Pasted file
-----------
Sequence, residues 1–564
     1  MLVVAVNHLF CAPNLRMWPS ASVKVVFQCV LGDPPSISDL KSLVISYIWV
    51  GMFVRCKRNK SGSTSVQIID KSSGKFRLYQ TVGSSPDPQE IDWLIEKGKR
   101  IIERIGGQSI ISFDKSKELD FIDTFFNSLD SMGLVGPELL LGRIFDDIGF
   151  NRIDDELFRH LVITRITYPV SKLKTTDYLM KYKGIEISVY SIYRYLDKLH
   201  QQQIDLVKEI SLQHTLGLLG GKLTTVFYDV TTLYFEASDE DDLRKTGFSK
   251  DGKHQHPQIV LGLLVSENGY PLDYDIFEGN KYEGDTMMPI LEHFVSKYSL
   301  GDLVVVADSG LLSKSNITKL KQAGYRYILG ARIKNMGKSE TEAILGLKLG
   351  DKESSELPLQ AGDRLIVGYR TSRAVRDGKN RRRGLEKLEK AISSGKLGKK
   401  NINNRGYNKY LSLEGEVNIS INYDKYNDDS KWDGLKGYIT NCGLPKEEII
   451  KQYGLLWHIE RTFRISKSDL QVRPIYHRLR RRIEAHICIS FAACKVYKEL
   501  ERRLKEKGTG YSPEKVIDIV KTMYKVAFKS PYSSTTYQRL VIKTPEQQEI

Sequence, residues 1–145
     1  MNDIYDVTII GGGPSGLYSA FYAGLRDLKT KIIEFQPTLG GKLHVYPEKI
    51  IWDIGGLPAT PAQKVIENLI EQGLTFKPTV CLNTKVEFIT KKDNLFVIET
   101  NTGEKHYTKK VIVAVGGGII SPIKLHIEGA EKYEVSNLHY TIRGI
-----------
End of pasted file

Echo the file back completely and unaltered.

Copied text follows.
Sequence, residues 1–564
     1  MLVVAVNHLF CAPNLRMWPS ASVKVVFQCV LGDPPSISDL KSLVISYIWV
    51  GMFVRCKRNK SGSTSVQIID KSSGKFRLYQ TVGSSPDPQE IDWLIEKGKR
   101  IIERIGGQSI ISFDKSKELD FIDTFFNSLD SMGLVGPELL LGRIFDDIGF
   151  NRIDDELFRH LVITRITYPV SKLKTTDYLM KYKGIEISVY SIYRYLDKLH
   201  QQQIDLVKEI SLQHTLGLLG GKLTTVFYDV TTLYFEASDE DDLRKTGFSK
   251  DGKHQHPQIV LGLLVSENGY PLDYDIFEGN KYEGDTMMPI LEHFVSKYSL
   301  GDLVVVADSG LLSKSNITKL KQAGYRYILG ARIKNMGKSE TEAILGLKLG
   351  DKESSELPLQ AGDRLIVGYR TSRAVRDGKN RRRGLEKLEK AISSGKLGKK
   401  NINNRGYNKY LSLEGEVNIS INYDKYNDDS KWDGLKGYIT NCGLPKEEII
   451  KQYGLLWHIE RTFRISKSDL QVRPIYHRLR RRIEAHICIS FAACKVYKEL
   501  ERRLKEKGTG YSPEKVIDIV KTMYKVAFKS PYSSTTYQRL VIKTPEQQEI

Sequence, residues 1–145
     1  MNDIYDVTII GGGPSGLYSA FYAGLRDLKT KIIEFQPTLG GKLHVYPEKI
    51  IWDIGGLPAT PAQKVIENLI EQGLTFKPTV CLNTKVEFIT KKDNLFVIET
   101  NTGEKHYTKK VIVAVGGGII SPIKLHIEGA EKYEVSNLHY TIRGI